Here’s a classic that you’ll definitely want to note. If you’re a fan of the Manhattan or the Negroni, who knows, it may even become a new favorite! Me, I’m totally hooked. Delicious and complex, strong and balanced, this cocktail has a warmth to it that I’ve never experienced with gin. It’s rapidly become a favorite and I don’t foresee that changing any time soon.
Of all the cocktails proudly wearing the ‘classic’ badge, the Martinez is perhaps the most deserving. Often named the Father of the Martini, this is an old, old drink with a beautiful, burnt honey colour and a complicated but well-balanced, taste.
“born of the Manhattan….and is the father, or perhaps grandfather, of the Dry Gin Martini.”
Steeped in tradition, the Martinez is the evolutionary missing link between the Manhattan and the Martini.
The history of the Martinez revolves around a number of theories, but let’s stick to the most plausible one: created by San Francisco bartender Jerry Thomas, a sweet drink for a client travelling to (where else?) Martinez! In Martinez, there’s even a plaque proudly hung up to commemorate its creation.
Despite the foggy history surrounding the Martinez cocktail, there’s no doubt that it was a step in the evolution of the Martini.
We can safely assume that the Martini and the Martinez emerged at about the same time.
More specifically, they were developed in the late 1860s and into the 1870s, when vermouth became a common ingredient in American cocktails. First created in Italy (Cinzano in 1757, Carpano in 1786, Martini & Rossi in 1863), sweet vermouth, also known as “red” or “Italian” vermouth, arrived on the US shores; the Martini brand seems to have made up the majority of the import market, likely resulting in the King of Cocktails being named for it.
“Dry” or “French” vermouth gained popularity just after the turn of the 20th century, resulting in bar-goers ordering “dry” or “perfect” cocktails, perfect meaning the drink held a blend of dry and sweet vermouths.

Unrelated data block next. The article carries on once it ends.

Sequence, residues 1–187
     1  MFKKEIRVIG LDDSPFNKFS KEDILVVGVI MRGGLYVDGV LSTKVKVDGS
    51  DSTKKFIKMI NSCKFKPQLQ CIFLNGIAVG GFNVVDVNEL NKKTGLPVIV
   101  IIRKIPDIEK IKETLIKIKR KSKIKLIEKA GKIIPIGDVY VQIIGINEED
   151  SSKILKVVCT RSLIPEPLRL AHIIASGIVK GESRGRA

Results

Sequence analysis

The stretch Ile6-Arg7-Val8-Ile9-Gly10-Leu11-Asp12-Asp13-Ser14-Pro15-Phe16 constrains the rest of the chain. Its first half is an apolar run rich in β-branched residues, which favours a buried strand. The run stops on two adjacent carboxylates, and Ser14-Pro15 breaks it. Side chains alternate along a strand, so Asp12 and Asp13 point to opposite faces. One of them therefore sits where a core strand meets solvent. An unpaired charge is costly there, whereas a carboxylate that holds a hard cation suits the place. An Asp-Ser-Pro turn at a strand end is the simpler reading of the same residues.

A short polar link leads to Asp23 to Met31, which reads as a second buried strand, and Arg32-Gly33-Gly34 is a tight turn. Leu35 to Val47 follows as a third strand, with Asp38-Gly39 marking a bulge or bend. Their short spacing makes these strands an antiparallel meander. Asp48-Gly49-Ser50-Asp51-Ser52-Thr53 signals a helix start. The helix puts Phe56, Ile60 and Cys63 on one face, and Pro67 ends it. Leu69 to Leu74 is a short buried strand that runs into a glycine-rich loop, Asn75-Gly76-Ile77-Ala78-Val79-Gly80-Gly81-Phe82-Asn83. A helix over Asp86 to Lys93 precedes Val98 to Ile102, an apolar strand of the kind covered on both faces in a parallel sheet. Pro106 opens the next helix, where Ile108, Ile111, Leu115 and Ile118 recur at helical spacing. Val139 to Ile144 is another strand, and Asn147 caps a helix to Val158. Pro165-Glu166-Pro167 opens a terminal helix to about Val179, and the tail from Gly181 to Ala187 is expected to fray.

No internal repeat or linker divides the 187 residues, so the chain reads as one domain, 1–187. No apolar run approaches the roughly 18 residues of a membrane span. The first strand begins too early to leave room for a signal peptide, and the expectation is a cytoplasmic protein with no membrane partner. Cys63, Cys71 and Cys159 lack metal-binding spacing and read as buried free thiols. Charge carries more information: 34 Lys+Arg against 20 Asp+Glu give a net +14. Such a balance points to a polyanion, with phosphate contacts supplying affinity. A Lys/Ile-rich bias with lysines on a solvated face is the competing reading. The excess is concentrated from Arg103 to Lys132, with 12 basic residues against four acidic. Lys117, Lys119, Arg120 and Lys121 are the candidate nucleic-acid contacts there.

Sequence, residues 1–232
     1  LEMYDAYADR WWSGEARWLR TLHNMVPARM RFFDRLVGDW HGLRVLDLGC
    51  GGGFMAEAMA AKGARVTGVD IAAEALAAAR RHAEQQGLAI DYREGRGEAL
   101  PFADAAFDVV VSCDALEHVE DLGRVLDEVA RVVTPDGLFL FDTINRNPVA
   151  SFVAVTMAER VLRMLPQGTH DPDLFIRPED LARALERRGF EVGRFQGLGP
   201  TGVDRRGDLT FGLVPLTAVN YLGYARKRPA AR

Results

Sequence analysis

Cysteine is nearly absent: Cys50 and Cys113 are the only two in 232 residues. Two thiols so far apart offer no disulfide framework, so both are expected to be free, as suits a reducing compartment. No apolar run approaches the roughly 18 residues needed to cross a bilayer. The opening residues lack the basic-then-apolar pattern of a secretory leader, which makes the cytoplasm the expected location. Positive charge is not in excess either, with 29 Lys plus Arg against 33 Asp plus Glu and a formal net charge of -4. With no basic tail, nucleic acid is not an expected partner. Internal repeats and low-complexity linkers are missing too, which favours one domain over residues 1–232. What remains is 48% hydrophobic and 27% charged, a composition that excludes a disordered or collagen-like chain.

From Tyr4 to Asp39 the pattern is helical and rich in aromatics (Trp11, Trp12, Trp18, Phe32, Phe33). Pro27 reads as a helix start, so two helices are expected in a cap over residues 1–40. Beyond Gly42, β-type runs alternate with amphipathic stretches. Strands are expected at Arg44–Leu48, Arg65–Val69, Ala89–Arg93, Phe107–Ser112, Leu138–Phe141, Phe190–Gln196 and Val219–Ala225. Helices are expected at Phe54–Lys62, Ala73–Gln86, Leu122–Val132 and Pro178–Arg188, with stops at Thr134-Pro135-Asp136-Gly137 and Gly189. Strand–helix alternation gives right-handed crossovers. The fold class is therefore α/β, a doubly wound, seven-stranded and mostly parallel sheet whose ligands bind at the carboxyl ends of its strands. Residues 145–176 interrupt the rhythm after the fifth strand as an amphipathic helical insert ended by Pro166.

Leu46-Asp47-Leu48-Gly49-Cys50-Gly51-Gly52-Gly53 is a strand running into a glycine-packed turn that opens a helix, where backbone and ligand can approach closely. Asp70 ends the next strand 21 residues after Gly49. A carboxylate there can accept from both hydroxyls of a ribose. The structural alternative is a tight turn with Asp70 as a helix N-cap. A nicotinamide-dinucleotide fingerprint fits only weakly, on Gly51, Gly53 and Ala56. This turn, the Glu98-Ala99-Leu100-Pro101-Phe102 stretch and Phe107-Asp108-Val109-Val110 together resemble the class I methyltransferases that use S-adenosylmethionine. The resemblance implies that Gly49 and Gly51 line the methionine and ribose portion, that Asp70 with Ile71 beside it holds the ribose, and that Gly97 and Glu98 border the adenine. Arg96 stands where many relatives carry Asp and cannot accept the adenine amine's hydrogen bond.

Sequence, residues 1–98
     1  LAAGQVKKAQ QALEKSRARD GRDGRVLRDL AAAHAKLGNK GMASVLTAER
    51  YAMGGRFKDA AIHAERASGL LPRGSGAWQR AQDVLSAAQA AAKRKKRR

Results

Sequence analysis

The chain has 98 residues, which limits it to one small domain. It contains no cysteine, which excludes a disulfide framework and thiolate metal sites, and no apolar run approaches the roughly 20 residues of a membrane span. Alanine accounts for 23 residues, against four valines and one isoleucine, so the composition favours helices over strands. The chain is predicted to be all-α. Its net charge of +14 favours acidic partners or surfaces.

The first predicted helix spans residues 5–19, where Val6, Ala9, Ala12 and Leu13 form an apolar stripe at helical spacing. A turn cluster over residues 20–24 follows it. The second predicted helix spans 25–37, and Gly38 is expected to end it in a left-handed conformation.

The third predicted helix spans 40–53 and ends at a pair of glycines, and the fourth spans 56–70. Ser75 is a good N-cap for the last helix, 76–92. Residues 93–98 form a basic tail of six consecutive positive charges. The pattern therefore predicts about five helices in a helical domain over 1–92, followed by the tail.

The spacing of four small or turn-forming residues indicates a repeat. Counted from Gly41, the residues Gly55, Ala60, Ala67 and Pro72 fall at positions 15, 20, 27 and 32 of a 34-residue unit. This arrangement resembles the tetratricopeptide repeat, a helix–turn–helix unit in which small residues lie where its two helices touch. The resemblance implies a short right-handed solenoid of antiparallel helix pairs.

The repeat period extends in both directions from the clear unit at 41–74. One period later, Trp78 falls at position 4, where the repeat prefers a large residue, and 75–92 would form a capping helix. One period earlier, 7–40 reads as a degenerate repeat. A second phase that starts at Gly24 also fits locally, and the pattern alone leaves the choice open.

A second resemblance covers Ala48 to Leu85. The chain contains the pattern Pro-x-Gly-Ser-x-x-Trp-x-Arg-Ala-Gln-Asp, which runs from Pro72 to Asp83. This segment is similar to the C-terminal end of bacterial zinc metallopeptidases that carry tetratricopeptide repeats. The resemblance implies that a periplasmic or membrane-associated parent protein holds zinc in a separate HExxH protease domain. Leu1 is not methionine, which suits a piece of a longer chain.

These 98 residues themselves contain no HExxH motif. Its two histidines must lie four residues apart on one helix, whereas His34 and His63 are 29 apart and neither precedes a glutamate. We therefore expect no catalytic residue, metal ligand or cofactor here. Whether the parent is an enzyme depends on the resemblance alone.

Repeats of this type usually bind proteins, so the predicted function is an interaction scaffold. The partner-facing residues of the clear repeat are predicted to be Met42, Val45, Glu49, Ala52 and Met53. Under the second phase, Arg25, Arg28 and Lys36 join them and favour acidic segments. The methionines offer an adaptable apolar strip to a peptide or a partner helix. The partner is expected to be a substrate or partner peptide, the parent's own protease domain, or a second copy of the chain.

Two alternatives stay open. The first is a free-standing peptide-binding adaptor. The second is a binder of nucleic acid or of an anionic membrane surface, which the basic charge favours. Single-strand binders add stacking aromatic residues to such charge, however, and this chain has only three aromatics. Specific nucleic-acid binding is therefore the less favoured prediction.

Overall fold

The first Martinez was almost definitely made with sweet vermouth and Old Tom gin, a sweeter, aged gin prevalent in the 1800s.
So how did the Martini of Jerry Thomas’ time become the clear, minimalist gin and vermouth concoction that became synonymous with James Bond and mid-century cocktail culture? A number of factors contributed to the Martinez becoming the Martini. Part of it was simply changing tastes. Old Tom gin fell out of fashion, replaced by the London Dry style that most people recognize as gin today — your Bombay Sapphire, Tanqueray, Beefeater, or Gordon’s. Similarly, affinity for sweet vermouth was replaced around 1900 with a preference for dry vermouth.
Despite what many people think these days, a “dry” Martini did not always mean “a Martini with as little vermouth as possible”. It simply meant a Martini made with dry vermouth, rather than sweet. Exactly when and where the olive came into the mix is…
1 part Gin
1 part sweet vermouth
Dash of maraschino liqueur
Dash of Angostura bitters
Lemon twist for garnish
Pour the ingredients into a mixing glass with ice cubes
Strain into a chilled cocktail glass
Twist the lemon peel over the drink and drop it in the glass